Ready, set, go: Paris faces hurdles for the Olympic and Paralympic games

In four months, Paris will welcome over visitors, spectators, and over 10,000 athletes for the 2024 Olympic and Paralympic Games. As the opening ceremony edges closer, The Tribune takes a look at the controversies surrounding the event.

The first descent into the scandal spiral began last year, when the carefully crafted image of ethics sold to the French public began to crack as allegations of corruption surrounding the International Olympic Committee (IOC) emerged. On June 20, 2023, the French police raided several locations associated with the IOC, including the headquarters of the Organizational Committee of the Games (COJOP), as well as Solideo, the group overseeing the construction and sites for the games. France’s main anti-corruption entity, the Office Central de lutte contre la Corruption et les Infractions Financières et Fiscales (OCLCIFF) conducted the raids as part of a series of investigations that began in 2021. The following day, police raided the sports consulting firm Keneo, under potential charges of illegal conflicts of interest, embezzlement of public funds, and preferential treatment, dating back to 2017. However, these legal issues were just the start of a string of controversies. 

When the COJOP unveiled the schedule of events, it became clear that one in particular—surfing—would be taking place over 15,000 km away from the French capital in Teahupo’o, Tahiti, French Polynesia. While there is no doubt that the island hosts some of the world’s best waves, its fragile environment raises several concerns. Each year, Teahupo’o sets up and dismantles a semi-permanent wood tower to host the judges for the World Surf League competition. However, the COJOP planned to build a permanent aluminum tower almost twice as heavy as the wooden structure for the Olympics. 

Polynesian surfer Matahi Drollet flagged issues with this construction. The main concern is the ecological risks, as no environmental assessment had been conducted prior to the announcement. Risks include disruptions to the underwater ecosystem the propagation of ciguatera, an illness that plagues fish, impacting the local fishing economy. Perhaps the biggest fear is the potential influence on the nature of the island’s legendary waves. Following widespread mobilization among local communities and environmental activists, the authorities shared an updated plan. The aluminum tower will go back to the dimensions of the current structure, accommodating only 25-30 individuals, as opposed to the 40 originally planned. However, the structure will still use a concrete base for its foundation, which risks harming sea life by disrupting the physical landscape of the natural coastal ecosystem and leaching harmful chemicals into the water.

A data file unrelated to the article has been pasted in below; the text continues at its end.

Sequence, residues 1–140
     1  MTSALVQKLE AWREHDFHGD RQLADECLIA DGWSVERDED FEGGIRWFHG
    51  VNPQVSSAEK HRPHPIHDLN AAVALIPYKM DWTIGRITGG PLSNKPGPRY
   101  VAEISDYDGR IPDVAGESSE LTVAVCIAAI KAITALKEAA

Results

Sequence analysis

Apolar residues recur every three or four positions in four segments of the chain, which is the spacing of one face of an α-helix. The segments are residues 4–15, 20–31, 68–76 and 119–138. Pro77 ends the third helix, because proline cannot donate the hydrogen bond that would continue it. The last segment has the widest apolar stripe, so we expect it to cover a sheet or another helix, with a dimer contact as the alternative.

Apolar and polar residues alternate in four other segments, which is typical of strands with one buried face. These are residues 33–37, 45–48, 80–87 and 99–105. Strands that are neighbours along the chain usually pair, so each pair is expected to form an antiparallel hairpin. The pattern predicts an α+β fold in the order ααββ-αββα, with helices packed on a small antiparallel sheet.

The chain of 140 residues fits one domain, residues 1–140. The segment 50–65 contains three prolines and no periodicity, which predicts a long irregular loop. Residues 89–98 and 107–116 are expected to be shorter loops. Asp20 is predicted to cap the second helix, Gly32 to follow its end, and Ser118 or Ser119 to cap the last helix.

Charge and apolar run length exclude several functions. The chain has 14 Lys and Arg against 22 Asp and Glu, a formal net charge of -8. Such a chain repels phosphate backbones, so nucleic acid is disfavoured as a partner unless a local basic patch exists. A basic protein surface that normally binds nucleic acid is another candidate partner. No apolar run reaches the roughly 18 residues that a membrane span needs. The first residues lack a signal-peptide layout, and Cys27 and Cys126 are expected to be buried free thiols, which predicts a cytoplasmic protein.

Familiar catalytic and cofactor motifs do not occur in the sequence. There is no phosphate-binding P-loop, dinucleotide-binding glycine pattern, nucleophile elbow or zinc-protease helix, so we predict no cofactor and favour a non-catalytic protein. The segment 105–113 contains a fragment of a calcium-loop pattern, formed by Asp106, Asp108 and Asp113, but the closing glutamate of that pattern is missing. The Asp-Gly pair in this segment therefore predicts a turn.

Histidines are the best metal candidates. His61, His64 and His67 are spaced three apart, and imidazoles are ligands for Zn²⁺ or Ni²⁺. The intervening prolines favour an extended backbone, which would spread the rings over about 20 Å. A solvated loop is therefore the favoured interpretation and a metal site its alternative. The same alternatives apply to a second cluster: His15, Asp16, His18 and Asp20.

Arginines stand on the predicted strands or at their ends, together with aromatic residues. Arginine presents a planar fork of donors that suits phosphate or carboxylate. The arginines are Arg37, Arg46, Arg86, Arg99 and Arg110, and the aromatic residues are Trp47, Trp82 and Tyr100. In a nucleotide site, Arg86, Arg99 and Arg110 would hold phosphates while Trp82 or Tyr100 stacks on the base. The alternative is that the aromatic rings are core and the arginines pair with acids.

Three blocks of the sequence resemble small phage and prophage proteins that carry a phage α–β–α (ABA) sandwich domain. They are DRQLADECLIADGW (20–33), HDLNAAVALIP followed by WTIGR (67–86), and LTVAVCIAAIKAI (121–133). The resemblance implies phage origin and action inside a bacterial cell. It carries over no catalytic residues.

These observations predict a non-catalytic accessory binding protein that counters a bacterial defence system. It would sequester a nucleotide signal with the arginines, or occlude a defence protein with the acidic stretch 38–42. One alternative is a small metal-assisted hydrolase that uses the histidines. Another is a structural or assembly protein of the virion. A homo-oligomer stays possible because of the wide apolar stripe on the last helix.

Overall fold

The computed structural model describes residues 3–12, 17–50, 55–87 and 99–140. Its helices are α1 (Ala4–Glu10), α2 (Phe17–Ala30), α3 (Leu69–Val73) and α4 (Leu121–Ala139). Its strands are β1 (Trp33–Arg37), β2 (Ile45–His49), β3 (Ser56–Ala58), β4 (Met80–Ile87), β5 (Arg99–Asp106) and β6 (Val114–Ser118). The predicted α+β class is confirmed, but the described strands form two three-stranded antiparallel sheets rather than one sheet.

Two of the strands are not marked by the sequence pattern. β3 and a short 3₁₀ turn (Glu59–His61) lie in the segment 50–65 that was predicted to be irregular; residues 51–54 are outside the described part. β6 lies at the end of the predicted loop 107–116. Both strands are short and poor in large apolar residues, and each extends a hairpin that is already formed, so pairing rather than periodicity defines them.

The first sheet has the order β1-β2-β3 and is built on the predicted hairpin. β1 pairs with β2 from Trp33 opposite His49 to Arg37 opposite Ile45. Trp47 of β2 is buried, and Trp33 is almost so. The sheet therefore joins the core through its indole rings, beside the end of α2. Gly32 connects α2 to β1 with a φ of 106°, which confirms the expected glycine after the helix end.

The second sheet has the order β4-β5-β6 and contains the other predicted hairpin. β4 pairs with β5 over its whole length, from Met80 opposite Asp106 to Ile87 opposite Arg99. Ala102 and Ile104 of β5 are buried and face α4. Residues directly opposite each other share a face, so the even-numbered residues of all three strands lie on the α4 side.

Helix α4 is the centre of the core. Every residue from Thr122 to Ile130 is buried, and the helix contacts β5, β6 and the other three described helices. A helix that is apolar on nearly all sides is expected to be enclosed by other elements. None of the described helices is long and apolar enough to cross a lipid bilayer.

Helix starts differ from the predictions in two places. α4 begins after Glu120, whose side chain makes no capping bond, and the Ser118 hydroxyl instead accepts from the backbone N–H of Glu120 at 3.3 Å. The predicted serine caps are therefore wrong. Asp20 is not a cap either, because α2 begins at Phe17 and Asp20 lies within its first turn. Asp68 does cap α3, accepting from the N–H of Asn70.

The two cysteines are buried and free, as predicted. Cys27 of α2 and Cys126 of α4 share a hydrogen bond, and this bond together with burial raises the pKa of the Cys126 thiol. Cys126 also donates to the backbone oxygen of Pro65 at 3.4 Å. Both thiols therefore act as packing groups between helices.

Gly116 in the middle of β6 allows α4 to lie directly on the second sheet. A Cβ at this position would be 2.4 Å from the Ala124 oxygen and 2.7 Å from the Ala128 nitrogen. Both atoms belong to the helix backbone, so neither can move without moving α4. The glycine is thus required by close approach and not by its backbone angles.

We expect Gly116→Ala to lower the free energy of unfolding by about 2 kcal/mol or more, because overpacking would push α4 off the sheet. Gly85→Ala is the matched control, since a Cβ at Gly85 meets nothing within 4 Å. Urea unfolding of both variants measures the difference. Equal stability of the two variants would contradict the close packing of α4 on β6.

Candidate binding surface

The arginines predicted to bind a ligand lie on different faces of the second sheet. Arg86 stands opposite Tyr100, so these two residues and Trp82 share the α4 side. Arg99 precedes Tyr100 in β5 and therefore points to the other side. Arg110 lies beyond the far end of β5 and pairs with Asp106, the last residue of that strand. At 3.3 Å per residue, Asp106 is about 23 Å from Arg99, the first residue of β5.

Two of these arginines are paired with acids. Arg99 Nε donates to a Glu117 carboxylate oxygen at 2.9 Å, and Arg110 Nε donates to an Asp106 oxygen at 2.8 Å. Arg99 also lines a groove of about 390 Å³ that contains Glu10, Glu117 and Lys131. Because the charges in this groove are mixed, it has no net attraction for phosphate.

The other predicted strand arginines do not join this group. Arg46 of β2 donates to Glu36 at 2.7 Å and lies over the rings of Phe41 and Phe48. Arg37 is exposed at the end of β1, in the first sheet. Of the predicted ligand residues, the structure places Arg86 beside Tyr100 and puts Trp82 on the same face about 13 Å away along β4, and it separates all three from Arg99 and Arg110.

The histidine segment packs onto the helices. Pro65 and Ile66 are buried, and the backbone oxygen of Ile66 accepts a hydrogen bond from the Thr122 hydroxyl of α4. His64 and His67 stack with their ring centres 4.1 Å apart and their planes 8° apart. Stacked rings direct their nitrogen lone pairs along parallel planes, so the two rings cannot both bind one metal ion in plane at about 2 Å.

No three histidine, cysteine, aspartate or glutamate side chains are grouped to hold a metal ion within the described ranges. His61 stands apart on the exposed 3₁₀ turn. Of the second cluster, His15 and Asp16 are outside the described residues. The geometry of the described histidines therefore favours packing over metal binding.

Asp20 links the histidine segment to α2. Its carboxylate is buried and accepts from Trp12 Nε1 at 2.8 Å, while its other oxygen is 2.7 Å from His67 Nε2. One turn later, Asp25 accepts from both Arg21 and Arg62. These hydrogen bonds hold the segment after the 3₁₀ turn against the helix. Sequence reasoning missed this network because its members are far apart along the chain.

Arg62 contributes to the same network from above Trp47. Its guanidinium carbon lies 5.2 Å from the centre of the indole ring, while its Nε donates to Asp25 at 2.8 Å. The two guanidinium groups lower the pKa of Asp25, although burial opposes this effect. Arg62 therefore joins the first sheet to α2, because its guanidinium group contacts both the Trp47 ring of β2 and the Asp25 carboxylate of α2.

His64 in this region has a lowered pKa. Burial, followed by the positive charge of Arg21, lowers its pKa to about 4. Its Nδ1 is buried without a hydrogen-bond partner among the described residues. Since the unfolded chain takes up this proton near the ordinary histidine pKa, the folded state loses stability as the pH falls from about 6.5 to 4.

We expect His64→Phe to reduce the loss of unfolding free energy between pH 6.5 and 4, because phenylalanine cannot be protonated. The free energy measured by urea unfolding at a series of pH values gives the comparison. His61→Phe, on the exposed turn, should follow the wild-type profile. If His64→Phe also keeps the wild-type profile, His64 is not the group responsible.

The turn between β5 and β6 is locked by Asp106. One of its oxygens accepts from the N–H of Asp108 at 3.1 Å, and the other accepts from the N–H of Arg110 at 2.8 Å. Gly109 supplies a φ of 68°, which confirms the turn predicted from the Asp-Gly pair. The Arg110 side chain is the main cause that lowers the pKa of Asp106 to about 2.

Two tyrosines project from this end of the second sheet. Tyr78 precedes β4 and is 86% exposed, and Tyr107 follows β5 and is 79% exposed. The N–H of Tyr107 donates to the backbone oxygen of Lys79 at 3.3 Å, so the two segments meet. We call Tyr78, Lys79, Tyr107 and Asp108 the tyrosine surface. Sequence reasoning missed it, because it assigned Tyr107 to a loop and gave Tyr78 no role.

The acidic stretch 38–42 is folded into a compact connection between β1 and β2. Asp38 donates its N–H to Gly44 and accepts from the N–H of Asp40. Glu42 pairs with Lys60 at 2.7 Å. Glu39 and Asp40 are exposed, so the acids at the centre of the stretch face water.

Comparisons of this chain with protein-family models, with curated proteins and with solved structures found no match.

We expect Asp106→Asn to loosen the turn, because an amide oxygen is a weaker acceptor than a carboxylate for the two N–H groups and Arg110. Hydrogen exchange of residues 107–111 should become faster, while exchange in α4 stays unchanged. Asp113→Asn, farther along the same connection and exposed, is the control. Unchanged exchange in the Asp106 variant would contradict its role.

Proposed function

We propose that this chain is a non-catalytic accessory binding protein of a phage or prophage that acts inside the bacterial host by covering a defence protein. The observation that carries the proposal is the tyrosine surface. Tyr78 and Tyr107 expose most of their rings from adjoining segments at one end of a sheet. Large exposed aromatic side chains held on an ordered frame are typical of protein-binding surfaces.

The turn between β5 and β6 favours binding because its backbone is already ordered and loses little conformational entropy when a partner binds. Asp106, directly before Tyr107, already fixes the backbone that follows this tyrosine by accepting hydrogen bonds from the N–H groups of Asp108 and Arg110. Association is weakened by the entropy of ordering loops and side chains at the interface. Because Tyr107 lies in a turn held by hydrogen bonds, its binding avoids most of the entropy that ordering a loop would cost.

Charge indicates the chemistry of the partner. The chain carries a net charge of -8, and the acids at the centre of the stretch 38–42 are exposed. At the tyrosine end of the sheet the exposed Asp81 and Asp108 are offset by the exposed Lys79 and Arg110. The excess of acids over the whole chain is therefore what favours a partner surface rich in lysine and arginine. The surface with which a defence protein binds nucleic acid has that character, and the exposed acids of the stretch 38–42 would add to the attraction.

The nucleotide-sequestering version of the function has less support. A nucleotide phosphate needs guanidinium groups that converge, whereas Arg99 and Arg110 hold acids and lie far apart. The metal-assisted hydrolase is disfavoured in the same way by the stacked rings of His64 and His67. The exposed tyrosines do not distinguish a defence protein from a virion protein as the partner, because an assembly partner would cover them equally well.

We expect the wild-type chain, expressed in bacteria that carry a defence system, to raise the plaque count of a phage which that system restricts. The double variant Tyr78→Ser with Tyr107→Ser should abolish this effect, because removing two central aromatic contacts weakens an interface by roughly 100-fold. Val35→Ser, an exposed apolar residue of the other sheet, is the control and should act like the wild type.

The seemingly resolved issue resurged in early Dec. 2023 when the President of French Polynesia, Moetai Brotherson, cancelled the planned tests of the structure and halted its construction. In a video shared by the Vai Ara o Teahupo’i association following the route of the barge carrying the tower, destroyed coral reefs were clearly visible. On Dec. 5, the prosecutor’s office of Papeete opened an investigation into the potential violation of French Polynesia’s environmental code. However, the file was closed on March 3, due to “insufficiently characterized infractions.”

Back in the French capital, the Ministry of Sports announced in May 2023 that around 3,000 student accommodations would be requisitioned to house the Olympic and Paralympic Games’ staff from the Centres Régionaux des Oeuvres Universitaires et Scolaires (CROUS), which handles accommodations, financial aid, and other support for students. The CROUS guarantee for students to regain their residences back in September and some compensation and limited assistance. However, the leading student union advocated for the CROUS to first turn to students who would willingly provide their accommodations, instead of mandating it to students who may not be able to find alternatives. Many need to stay in their accommodations over the summer due to classes or other responsibilities. Finding affordable options in Paris is a challenge in normal circumstances, and even more so in a context where excess demand from the Olympic games is pushing up prices.

Ultimately, in a race against time, one question remains: Will the City of Light be ready to host the thousands of expected visitors, or will the shadows of controversy loom over the first Olympics held in Paris since 1924?

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